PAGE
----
It’s been days since India lost to Pakistan in the Champions Trophy final, but tensions around who cheered for which team do not seem to be simmering down. In several places around the country, including Madhya Pradesh, people were arrested for celebrating Pakistan’s victory. Not for creating a ruckus or for inciting violence, but for celebrating – the charges that the police levelled against them were of sedition. When the police could not gather evidence against these 15 men, it dropped the sedition charge but kept them behind bars by levelling fresh charges of “disturbing communal harmony”.
Admitting that it is difficult to prove the sedition charge, Burhanpur SP RR S Parihar said: “none of them has a criminal background. After the initial investigation, we found that Section 153A is more appropriate that Section 124A (sedition).”
If there is no evidence in hand, why is the police adamant on keeping these 15 men behind bars?
Villagers have alleged that for three days after the match, policemen randomly arrested anyone who ran away from them. Mother of one of the accused said that her son was seated by his sewing machine and cutting cloth for tailoring when the police came and took him away claiming that there was a complaint against him. Another villager claims that her brother was arrested while he was defecating in the open. The police asked him to clean up and soon after thrashed him.
Who are these 15 men?
These 15 men who were arrested after the India-Pakistan match belong to Mohad village in Madhya Pradesh’s Burhanpur district. With a population of 5,200, Mohad is a Muslim-dominated village. Only two out of the 15 arrested are literate. Living in extremely poor conditions, many of them earn even less than Rs 200 a day. While there is much hue and cry over a match, it must be noted that many of these people do not even own television sets or mobiles phones to help them keep track of cricketing events.
But what if they even celebrated Pakistan’s win? Is that enough to charge someone for disturbing communal harmony or for inciting violence in India?
In a country as diverse as India which has people of different religions and ethnicity, can a mere celebration of a team’s victory in a sport incite violence? What happened to the age-old ideology of having sportsmanship as the key to the playing a sport? It wasn’t a war happening on the cricketing field, it was a match which was being played between two teams, which happened to be India and Pakistan.
What is more worrying is the fact that there was very little history of communal tensions between Hindus and Muslims in this area but with these arrests, the police have made sure that the two communities do not look eye to eye in the future. There have been reports that after the incident, Muslims have left the village in the fear that they might be the next targets of the police. Even if they have stayed back, they are too scared and have even stopped sending their children to school.
Who are these people who are telling us who should we support and who should we not? Are those people true Indians who tried to vandalise the houses of their cricketers when they could not perform in one match? Shouldn’t action be taken against them for terrorising the families of these cricketers instead of slapping charges of sedition or of disturbing communal harmony against those people who celebrated a team’s victory with crackers.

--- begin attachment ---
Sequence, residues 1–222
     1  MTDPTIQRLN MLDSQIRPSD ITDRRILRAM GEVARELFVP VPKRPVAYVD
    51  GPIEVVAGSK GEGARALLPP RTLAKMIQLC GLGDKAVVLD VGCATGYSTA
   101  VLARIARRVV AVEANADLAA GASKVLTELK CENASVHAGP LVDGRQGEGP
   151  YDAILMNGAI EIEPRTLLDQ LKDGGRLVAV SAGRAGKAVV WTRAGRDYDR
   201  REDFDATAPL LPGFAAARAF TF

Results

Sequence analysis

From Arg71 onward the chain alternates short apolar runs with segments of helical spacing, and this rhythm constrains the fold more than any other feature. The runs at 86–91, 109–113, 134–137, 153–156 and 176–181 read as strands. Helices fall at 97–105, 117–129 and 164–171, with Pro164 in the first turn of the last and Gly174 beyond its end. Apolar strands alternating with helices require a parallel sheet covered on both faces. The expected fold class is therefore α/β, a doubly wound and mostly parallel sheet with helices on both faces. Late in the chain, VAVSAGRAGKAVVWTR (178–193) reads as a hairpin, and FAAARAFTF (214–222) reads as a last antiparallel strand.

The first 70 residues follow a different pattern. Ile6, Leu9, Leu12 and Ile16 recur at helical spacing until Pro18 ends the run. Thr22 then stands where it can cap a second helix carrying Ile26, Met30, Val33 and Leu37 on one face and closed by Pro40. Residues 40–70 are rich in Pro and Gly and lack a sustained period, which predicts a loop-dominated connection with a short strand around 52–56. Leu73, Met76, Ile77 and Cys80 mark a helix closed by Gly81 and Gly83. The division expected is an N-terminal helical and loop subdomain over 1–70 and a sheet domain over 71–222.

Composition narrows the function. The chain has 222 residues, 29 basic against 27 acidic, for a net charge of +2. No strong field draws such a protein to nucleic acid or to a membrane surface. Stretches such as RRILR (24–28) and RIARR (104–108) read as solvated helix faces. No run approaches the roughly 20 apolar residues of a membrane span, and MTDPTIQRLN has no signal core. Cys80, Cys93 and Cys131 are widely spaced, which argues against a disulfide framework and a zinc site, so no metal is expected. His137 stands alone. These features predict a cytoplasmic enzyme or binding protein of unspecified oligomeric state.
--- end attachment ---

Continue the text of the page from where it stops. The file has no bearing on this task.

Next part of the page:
And all this for what? Just a match of cricket! Even the ones who were on the field and played the match, have now moved on. The next match with West Indies begins today and if they win the series, they would be welcomed with open arms – which they, of course, deserve. But those who were glued to their TV sets watching that match, are still reeling with the effects of India’s defeat in one match out of the hundreds they play every year.
To be true, it was not just Madhya Pradesh where these crackers were burnt. In and around national capital, the seat of all political decisions, many crackers were burnt. Places like Gurgaon, South Delhi, North Delhi heard such noises, but why was just a Muslim dominated area in an obscure place targeted? Did the authorities not deem it fit for preventive action to be taken in localities near Delhi, or are these actions just limited to people belonging to a certain socio-economic section of the society?
Television channels were also not helping in any way. Since the day when it was decided that India will play Pakistan in the finals, there was an internal war that was playing among the news channels too, a war for TRPs. More drama meant more TRPs and thus no one tried to hold themselves back. They all made their point through drumrolls as well as through verbal attacks. But all of that, it seems, is fine. Since it is India that they were supporting. Sorry, you said sportsmanship? Oh, forget it, who cares about that.
Even derogatory messages and videos were being widely shared on social media. One such video showed ‘Muslims celebrating at a mosque after India’s victory’. But before sharing did anyone even care to notice that it was not an Indian mosque as was being said.
Pointing that out certainly makes you less Indian.
If bursting crackers can amount to charges of disturbing communal harmony, should forwarding messages to ignite tempers, not attract the same punishment? Will action be taken against them as well? Or perhaps not, because it fails to fit in the ideal image of what currently seems to be the favourite word of the country – ‘nationalism’.
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